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'Foxtrot' Director Samuel Moaz Unpacks the Trauma That Remains After War

A scene from "Foxtrot." (Sony Classics)

Samuel Maoz based his first film, “Lebanon” (2009), on his experiences as a tank gunner during the early days of Israel’s war on Lebanon. The feature, which won three awards at the Venice Film Festival, including the Golden Lion, was based largely on Maoz’s life in 1982, at the age of just 20.

Foxtrot,” his long-awaited follow-up to “Lebanon,” could be read as that movie’s spiritual sequel. Set in contemporary Israel, it explores the ways history and fate bind generations to each other’s mistakes and sorrows.

Lior Ashkenazi (“Norman,” “Late Marriage)” plays Michael, a veteran and a successful architect, husband to a beautiful woman (Sarah Adler) and father to a sensitive, artistic son now serving in the military. Michael has buried his own battle trauma deep inside, and it is left to the audience to reckon with the price his family pays for that repression.

Maoz spoke about his inspiration for the film, his unorthodox methods of directing actors, and why he chose to structure his second movie as something like a Greek tragedy.

Sheerly Avni: Michael was a young soldier in Lebanon, just like you, and just like the young men in your first film. He seems “fine.” But we learn quickly, through the eyes of his wife, his son and even his dog, that he is not fine at all.

Samuel Maoz: When people talk about PTSD [post-traumatic stress disorder] from war, they imagine a person shaking, having nightmares, being unable to function. But it’s not always like that. People can live, raise families, be successful, but still they are totally fucked up. They don’t have any way to release their anger or their pain, so it comes out in strange ways, as it does in the film.

But if I had to say the meaning of “Foxtrot” in one sentence, I would say it is the story of a man’s dance with his fate. A conflict between love and guilt, love that copes with extreme emotional pain. I wanted to continue to investigate, in an intensive manner that combines criticism and compassion, a human dynamic created in a closed unit.

SA: When you were directing actors in “Lebanon,” you made them sit in hot containers for hours while you banged the walls with iron pipes. What approach did you take with Lior Ashkenazi?

SM: Well, I do push and push until I get the reaction I need. I usually keep the camera running between takes. And much of the time I talk through the shot, so with Lior, I would be going after him, pushing him hard, talking nonstop, sometimes even tellling him things like what his wife says in the film: “You’re weak! You’re not brave!”

SA: So you tortured him!

SM: (Laughs) My normal crew knows my methods. But it’s true, if I have to work with a new crew, they often think I’m crazy. And I do warn the actors beforehand. I tell them, “I’m going to do some experimenting, and you need to fly with it, even if it seems weird.”

And with Lior, look—in a normal film, you might have one scene in which a character learns, or thinks he’s learned, that his son is dead. But no, for Lior, it was 10 days straight from six in the morning to six in the evening. He had to be in that moment of the first hour of grief. And if there is even one moment when the actor breaks that state on screen, the whole thing falls apart.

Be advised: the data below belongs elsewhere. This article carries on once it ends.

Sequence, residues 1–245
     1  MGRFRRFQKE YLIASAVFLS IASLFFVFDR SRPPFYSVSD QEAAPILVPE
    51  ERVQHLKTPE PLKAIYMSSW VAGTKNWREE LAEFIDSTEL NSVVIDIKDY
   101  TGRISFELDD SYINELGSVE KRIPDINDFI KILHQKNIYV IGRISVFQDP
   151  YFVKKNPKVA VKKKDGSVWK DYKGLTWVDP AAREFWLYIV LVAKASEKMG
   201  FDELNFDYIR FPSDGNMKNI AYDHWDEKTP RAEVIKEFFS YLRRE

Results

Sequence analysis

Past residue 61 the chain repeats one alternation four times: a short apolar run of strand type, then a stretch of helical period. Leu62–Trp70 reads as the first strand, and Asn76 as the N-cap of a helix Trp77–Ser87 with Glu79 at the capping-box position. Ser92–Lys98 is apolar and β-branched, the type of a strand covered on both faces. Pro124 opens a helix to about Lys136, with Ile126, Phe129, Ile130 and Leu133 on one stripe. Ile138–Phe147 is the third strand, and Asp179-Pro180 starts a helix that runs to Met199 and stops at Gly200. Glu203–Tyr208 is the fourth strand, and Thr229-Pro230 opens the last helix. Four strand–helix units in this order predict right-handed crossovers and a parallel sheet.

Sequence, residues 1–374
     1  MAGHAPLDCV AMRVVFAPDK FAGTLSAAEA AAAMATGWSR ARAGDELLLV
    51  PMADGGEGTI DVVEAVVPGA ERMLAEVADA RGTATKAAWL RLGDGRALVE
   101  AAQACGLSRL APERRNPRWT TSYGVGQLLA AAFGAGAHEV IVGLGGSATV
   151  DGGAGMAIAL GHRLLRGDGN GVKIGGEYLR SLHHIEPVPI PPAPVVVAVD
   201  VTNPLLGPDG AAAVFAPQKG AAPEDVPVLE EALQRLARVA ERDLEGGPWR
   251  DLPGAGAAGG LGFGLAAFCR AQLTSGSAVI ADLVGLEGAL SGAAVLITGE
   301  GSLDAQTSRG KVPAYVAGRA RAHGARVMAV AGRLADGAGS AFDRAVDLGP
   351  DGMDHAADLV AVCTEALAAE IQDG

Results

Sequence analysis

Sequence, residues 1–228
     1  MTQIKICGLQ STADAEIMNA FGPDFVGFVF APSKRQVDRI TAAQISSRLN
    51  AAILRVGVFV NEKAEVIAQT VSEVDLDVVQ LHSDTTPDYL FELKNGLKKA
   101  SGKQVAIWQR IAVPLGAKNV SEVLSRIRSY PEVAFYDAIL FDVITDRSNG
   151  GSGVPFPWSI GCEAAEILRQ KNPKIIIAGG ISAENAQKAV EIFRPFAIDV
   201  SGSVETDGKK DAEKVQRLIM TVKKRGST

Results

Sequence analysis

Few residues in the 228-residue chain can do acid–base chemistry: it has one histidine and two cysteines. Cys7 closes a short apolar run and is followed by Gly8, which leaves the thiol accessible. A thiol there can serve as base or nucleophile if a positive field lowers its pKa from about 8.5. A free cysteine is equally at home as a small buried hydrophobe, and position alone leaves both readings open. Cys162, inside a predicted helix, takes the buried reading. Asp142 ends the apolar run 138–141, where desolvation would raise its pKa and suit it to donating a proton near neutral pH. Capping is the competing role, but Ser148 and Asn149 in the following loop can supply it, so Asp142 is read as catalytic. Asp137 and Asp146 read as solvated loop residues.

And he embraced it. Every day, after six, he would go home, eat dinner, sleep for four hours, wake up at midnight and go over his lines until 6 a.m. He showed up looking exhausted and drained, which is exactly what we needed.

SA: You have three generations in the story: a mother who is a Holocaust survivor, her son, who is a soldier in Beirut, and then the son who is almost cursed by his father’s mistakes. Do you also mean to suggest the story as a metaphor for the country as a whole?

SM: Of course. There are so many ways to read the story. It can be a terrible coincidence, or it can be crime and punishment, or you can also interpret the story as the closing of a fateful circle—one that is started by the father’s actions, and then led to his son’s fate in the second war.

One difference is that with “Foxtrot,” I was not looking for a realistic depiction of what it’s like to be at war. I wanted all those scenes where the son is working at a roadblock to feel a bit like a dream. I have no interest in a film about a checkpoint or a roadblock. The roadblock is a microcosm of an apathetic or anxious society, and of a distorted perception that stems from a terrible past trauma.

SA: What about the film’s many metaphors around burials? Of people, of evidence, of the truth.

SM: We bury the truth in the mud that we created rather than confront it and ask ourselves penetrating questions. Every human society should strive to be better, to improve itself. And the basic and necessary condition for improvement is the ability to accept self-criticism. But when self-criticism is marketed to the people as a betrayal, and critics are considered to be traitors, you have no chance of rising. You just bend, sink and roll down, until the mud where you bury your truth eventually swallows you up.

When I criticize the place I live in, I do it because I want to protect it. I do it because I worry. I do it from love.

Sheerly Avni
Contributor
Sheerly Avni is a Mexico City-based film and culture writer. A former editor of Salon.com, she also has written for The San Francisco Chronicle, LA Weekly, San Francisco Magazine, AlterNet and Truthdig. Her…
Sheerly Avni

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